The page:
Now that your book is published – The official book launch

Recently I attended a book launch by a local author.   For once, it wasn’t my own doing, it was an invite from a friend, which I always appreciate. 

Looking back upon many years on the frontlines (in the bookstores), and attending my own fair share of book events over the years, I’ve come to appreciate the “good” book launches.     Most of us can agree, not every book event is perfect – this makes me sad, especially already knowing the time and energy it takes for a new book to get published. 

I won’t go into all of the details about this recent book event — all I will say is that it was one of the more painful ones I’ve attended.  Between the author’s long-winded presentation, the lack of audience engagement, and the four people I saw falling asleep in the crowd, I found myself looking back on the elements of successful book launches. These included:

1.  Less is more, a concept worth implementing.    The goal of a book event is for people to BUY the book.  Reciting every little detail within the book (from front to end) can result in glossy-eyed, sleepy attendees.  Attendees who are either so overwhelmed with “TMI” (too much information), or attendees who don’t buy the book due to the book event putting them to sleep.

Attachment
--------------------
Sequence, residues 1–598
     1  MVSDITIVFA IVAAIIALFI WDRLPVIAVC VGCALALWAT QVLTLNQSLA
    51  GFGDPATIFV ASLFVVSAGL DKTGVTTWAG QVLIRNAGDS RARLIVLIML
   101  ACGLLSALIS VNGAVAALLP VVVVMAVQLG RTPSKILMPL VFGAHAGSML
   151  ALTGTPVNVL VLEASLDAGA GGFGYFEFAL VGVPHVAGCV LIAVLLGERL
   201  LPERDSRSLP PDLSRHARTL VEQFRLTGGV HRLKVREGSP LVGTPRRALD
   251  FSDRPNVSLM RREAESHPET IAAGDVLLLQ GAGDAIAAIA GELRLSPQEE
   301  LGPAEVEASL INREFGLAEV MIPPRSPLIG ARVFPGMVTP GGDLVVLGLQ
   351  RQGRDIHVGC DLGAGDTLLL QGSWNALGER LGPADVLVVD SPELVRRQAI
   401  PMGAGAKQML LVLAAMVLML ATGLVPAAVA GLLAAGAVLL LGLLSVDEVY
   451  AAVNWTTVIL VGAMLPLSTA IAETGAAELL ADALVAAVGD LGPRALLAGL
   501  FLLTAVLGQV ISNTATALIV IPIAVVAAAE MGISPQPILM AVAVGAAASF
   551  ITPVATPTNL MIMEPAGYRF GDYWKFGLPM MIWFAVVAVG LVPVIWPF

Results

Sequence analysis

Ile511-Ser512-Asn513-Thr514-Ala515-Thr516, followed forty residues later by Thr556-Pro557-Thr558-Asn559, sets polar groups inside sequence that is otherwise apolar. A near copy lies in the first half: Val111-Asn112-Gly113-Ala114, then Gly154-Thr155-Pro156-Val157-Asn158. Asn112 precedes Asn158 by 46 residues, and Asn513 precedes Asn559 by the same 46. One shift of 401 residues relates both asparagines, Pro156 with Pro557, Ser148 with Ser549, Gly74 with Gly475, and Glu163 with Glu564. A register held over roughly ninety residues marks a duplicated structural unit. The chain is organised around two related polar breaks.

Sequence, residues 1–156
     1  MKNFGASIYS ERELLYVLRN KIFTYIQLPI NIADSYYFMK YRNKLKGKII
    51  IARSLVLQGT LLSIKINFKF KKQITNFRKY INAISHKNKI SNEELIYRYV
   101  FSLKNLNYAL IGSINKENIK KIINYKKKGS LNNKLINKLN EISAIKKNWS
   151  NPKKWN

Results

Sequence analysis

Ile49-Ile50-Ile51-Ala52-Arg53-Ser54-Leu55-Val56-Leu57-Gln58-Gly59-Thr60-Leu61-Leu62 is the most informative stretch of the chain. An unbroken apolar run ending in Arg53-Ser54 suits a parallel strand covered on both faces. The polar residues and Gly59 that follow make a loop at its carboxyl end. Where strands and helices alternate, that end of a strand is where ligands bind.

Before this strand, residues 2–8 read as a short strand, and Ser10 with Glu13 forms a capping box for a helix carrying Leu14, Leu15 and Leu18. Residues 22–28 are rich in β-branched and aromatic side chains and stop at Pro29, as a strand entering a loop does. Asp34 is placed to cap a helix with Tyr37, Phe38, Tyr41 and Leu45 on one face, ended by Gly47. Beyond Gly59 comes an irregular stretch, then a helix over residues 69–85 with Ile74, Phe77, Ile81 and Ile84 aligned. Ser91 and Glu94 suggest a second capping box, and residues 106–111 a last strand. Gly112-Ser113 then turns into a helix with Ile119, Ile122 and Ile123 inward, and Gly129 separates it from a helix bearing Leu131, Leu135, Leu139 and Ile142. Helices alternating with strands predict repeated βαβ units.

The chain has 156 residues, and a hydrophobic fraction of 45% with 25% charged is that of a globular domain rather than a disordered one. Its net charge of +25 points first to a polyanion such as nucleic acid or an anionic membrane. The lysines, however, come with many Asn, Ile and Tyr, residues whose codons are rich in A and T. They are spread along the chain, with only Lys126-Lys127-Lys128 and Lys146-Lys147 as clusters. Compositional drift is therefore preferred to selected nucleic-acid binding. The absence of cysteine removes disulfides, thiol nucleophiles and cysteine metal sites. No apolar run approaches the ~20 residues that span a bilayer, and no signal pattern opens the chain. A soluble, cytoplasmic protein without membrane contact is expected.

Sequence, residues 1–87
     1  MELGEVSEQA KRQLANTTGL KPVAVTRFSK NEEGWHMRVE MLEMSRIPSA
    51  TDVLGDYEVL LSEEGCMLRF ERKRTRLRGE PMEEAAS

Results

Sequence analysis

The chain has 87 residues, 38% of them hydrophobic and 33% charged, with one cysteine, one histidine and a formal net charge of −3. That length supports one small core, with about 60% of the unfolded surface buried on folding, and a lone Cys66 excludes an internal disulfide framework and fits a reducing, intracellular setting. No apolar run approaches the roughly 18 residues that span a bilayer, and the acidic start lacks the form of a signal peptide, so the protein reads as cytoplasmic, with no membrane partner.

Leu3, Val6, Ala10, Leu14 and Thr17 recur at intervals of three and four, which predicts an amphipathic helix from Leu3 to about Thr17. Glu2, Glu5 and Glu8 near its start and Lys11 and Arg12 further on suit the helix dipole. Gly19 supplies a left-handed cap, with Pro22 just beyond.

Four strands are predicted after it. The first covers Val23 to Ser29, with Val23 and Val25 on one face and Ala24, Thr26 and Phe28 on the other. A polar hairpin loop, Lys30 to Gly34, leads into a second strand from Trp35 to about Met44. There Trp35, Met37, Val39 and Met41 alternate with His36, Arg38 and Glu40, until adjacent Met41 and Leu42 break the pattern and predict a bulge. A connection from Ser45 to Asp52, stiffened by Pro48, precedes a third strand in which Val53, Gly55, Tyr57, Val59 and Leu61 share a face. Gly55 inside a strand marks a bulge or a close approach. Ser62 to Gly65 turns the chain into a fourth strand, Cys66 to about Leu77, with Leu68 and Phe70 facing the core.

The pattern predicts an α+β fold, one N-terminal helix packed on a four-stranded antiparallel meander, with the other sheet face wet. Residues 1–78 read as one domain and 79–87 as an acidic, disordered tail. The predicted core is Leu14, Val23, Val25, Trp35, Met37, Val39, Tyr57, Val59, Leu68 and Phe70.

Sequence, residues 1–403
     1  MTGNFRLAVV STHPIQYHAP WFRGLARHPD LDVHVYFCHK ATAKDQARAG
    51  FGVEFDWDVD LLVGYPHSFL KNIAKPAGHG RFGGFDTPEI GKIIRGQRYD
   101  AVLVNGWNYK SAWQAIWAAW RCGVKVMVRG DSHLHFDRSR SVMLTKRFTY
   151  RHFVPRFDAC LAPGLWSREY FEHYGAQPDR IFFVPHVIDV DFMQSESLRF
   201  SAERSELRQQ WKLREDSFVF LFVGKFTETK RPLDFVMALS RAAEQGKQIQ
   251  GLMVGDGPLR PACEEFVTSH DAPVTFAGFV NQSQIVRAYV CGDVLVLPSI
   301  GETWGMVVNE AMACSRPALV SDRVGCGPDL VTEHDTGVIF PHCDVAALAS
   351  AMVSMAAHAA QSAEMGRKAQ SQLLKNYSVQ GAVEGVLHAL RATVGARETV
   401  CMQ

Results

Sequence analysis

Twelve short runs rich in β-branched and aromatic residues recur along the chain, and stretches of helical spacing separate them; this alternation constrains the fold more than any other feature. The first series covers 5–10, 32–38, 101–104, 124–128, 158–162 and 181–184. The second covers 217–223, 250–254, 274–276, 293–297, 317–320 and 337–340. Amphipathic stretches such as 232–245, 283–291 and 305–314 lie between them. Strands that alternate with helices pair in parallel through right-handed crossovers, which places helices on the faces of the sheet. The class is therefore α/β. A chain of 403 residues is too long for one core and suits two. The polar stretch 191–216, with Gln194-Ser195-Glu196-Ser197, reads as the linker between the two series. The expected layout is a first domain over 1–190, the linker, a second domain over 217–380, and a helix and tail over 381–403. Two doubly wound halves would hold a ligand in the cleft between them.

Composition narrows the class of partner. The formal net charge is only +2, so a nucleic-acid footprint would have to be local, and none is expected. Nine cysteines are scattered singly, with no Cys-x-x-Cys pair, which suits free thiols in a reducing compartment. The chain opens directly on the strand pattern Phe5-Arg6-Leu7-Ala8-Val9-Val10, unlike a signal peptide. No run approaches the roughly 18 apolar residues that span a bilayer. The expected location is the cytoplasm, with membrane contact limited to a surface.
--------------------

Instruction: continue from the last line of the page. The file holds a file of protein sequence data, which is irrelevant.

Instead, use the “carrot” concept.  Get potential readers excited about the book by explaining why it was written, what it’s about, and reading writing samples aloud.   As experienced at this recent book event, EVERY single detail of the book was overly explained over a period of 1.5 hours, to the point it seemed like an academic lecture .   If #s are proof in the pudding, I observed only 2 books getting purchased afterwards.

2. Interact with your reading audience.  Do you have visuals for your book?  Then bring them!  Is there going to be a Q &A session?  If not, consider it.  How good is the lighting?  Will there be coffee and/or snacks available?  Will there be a chance for books to be signed afterwards?  Do you have your speaking portion perfectly timed (within a reasonable window), so that the rest of your time is spent interacting with the attendees?  

Referring back to the bad book event:  there was dark lighting (due to an overhead projector that was used AFTER the 1.5 hours the author spoke), no coffee (which may have helped some folks to stay awake), no Q&A session (due to the long-winded lecture), and hardly any time for the author to talk one-on-one with the people who did stay at his book launch.    Having witnessed similar situations over the years, the best thing I can say is “don’t do it.”   In order to sell a book, readers need to be engaged.  Engaging them at the book event can be a successful tool for increasing sales #s.

There’s more I can say, but in the interest of keeping this process simple, we’ll stop here.  As usual, definitely comment if you have anything to add!  🙂

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